In April 2015, an excerpt from Meursault, contre-enquête was featured in the New Yorker magazine.[15] The November 20, 2015, issue of the New York Times featured an op-ed opinion piece by Daoud titled "Saudi Arabia, an ISIS That Has Made It" in both English (translated by John Cullen) and French.[16] The February 14, 2016, issue of the New York Times featured a controversial[17] second op-ed piece by Daoud, "The Sexual Misery of the Arab World" in English (translated by John Cullen), French, and Arabic.[18]

In 2018, his Le Quotidien d'Oran articles (2010-2016) were translated into English.[19]

Bibliography[edit]

Novels[edit]

  • Daoud, Kamel (2015). The Meursault Investigation. Other Press. Cite has empty unknown parameters: |1= and |authormask= (help)[20]

Short fiction[edit]

Stories[21]
Title Year First published Reprinted/collected Notes
Musa 2015 Daoud, Kamel (April 6, 2015). Translated from the French by John Cullen. "Musa". The New Yorker. 91 (7): 66–73. Cite has empty unknown parameter: |1= (help) Excerpt from The Meursault Investigation?

References[edit]

  1. ^ Daoud, Kamel. Translated into English by Suzanne Ruta. "Kamel Daoud: Meursault" (Archive). Guernica. March 28, 2011. Retrieved on December 7, 2015.
  2. ^ a b Steven R. Serafin, Kamel Daoud, Encyclopedia Britannica (March 11, 2016).
  3. ^ "Kamel Daoud | Algerian writer". Encyclopedia Britannica. Retrieved 2017-06-16.
  4. ^ "Stranger Still".
  5. ^ Le Touzet, Jean-Louis. "Kamel Daoud. Bouteflikafka". Archived from the original on 2015-08-15.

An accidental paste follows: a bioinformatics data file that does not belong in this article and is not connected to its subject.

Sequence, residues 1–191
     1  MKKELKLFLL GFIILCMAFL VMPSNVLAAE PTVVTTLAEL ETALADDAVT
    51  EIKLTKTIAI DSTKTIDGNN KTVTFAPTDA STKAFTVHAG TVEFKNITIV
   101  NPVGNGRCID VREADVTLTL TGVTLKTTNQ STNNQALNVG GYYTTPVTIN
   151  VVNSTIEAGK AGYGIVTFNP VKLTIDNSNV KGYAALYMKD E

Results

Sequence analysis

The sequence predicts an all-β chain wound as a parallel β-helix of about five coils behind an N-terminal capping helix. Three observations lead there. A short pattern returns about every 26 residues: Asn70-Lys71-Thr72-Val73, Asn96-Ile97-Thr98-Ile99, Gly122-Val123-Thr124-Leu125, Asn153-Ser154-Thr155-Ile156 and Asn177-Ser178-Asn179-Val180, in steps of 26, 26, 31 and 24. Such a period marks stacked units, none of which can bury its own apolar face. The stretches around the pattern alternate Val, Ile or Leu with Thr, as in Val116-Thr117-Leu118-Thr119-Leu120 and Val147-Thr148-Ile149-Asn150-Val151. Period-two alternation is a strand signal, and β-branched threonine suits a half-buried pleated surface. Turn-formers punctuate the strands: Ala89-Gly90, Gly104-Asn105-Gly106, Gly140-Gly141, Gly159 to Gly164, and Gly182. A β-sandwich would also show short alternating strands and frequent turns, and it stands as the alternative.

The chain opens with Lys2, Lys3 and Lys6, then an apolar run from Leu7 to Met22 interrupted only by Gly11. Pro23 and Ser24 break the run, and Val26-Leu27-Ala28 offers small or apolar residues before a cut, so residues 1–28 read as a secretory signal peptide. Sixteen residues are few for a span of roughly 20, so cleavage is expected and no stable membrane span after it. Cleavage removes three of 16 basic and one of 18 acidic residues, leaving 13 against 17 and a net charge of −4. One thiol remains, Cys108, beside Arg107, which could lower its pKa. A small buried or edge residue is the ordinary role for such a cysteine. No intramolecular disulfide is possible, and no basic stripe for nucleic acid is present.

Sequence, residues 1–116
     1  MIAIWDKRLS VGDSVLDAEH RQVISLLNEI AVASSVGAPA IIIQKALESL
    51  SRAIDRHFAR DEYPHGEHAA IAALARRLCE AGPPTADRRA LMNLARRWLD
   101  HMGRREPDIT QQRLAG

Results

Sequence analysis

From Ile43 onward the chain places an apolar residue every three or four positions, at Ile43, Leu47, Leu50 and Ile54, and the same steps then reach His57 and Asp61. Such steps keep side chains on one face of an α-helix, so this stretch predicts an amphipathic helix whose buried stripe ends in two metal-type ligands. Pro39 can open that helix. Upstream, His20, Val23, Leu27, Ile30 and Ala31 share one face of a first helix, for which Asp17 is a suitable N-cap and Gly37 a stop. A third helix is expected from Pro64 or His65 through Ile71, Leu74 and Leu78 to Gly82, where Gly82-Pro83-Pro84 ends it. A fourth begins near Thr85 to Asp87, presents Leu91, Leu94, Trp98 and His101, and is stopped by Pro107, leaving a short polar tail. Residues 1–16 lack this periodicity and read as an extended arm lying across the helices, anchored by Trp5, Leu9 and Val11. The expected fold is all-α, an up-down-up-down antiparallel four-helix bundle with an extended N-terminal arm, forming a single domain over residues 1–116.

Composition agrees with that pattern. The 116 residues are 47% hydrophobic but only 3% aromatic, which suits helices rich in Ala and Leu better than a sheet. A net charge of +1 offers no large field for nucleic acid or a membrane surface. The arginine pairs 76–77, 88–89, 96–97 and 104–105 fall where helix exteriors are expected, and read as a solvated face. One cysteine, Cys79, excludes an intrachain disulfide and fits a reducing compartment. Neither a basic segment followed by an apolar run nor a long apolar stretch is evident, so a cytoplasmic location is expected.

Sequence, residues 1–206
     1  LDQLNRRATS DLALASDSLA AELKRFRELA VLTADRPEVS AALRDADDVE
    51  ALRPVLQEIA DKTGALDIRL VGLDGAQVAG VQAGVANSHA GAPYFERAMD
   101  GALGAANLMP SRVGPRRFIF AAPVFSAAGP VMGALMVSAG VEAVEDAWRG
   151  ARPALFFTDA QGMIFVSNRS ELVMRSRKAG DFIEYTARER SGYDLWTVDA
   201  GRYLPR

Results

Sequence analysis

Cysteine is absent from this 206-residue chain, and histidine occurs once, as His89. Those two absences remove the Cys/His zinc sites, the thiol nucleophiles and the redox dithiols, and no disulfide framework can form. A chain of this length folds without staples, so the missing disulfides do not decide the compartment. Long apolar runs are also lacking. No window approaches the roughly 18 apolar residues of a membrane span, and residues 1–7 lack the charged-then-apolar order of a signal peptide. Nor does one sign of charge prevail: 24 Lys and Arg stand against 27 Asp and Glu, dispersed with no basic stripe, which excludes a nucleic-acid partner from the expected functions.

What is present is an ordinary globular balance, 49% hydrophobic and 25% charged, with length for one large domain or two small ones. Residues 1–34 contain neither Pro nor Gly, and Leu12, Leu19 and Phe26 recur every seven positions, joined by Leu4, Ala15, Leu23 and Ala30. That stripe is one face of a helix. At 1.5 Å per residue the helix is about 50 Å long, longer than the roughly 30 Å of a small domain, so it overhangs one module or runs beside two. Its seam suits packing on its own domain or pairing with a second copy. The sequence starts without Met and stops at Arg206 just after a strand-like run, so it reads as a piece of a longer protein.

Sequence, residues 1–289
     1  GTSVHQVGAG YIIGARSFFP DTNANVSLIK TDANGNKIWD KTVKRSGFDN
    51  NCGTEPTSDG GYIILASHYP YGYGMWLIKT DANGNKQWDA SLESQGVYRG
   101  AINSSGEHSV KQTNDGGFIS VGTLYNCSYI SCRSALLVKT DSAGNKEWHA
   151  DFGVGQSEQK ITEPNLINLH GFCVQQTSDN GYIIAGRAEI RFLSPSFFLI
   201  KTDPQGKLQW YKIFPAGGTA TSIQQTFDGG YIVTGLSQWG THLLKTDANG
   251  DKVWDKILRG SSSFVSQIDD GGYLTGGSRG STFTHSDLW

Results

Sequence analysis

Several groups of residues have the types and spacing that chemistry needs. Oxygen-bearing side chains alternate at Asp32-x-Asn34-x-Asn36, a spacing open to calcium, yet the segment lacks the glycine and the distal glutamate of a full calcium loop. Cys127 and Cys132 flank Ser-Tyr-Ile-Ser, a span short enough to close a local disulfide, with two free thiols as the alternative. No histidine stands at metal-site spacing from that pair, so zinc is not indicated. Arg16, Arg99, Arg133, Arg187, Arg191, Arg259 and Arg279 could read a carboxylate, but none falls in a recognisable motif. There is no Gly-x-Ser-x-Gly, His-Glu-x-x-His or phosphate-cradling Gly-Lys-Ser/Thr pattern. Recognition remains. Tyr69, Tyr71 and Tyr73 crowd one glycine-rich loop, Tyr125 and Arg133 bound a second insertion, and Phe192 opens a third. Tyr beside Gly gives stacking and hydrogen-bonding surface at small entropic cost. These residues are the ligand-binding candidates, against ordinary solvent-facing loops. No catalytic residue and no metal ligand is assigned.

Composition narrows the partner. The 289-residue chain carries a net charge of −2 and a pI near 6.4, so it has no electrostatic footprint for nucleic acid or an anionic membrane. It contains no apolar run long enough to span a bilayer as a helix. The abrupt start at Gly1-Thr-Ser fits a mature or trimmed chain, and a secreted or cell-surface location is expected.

6. ^ Ruta, Suzanne (2011-04-08). "Kamel Daoud's Daily Dose of Subversion". berfrois.
  7. ^ "Le prix littéraire "Mohamed Dib" décerné au journaliste-écrivain Kamel Daoud". Le Midi Libre. 2008-05-11. Retrieved 2019-06-22.
  8. ^ "Kamel Daoud". Leaders Afrique (in French). 2015-06-18. Retrieved 2019-06-22.
  9. ^ a b Cocquet, Marion (2014-12-17). "Kamel Daoud sous le coup d'une fatwa". Le Point (in French). Retrieved 2019-06-22.
  10. ^ Aït-Hatrit, Saïd (2015-01-15). "En Algérie, les islamistes radicaux à l'air libre". Le Monde (in French). ISSN 1950-6244. Retrieved 2019-06-22.
  11. ^ "Algérie: Kamel Daoud fait condamner un imam". Libération (in French). Archived from the original on 2016-03-11. Retrieved 2019-06-22.
  12. ^ "Affaire Kamel Daoud-Hamadache: Le tribunal d'Oran se déclare incompétent". Algeria-Watch (in French). Retrieved 2019-06-22.
  13. ^ "Le Goncourt du premier roman 2015". Academie Goncourt. May 5, 2015. Retrieved May 7, 2015.
  14. ^ "Kamel Daoud: Meursault, contre-enquête [Meursault, Counter Investigation". The Modern Novel Blog. 2014-10-29. Retrieved 2016-02-14.
  15. ^ Daoud, Kamel. Translated into English by John Cullen. "Musa" (Archive). New Yorker. April 6, 2015. Retrieved on December 7, 2015.
  16. ^ Daoud, Kamel. Translator: John Cullen. "Saudi Arabia, an ISIS That Has Made It" (Archive). The New York Times. November 20, 2015. Original French: "L'Arabie saoudite, un Daesh qui a réussi" (Archive).
  17. ^ Hugh Schofield, Algerian novelist Kamel Daoud sparks Islamophobia row, BBC News (March 7, 2016).
  18. ^ Daoud, Kamel. "The Sexual Misery of the Arab World" (Archive). The New York Times. February 12, 2016. Print headline: "Sexual Misery and Islam." February 14, 2016. p. SR7, National Edition. Original French version: "La misère sexuelle du monde arabe" (Archive). Arabic version: "البؤس الجنسيّ في العالم العربيّ" (Archive).
  19. ^ Kamel Daoud: Chroniques: Selected Columns: 2010-2016: New York: Other Press: 2018: ISBN 9781590519578
  20. ^ Originally published in French as Meursault, contre-enquête, 2013.
  21. ^ Short stories unless otherwise noted.

External links[edit]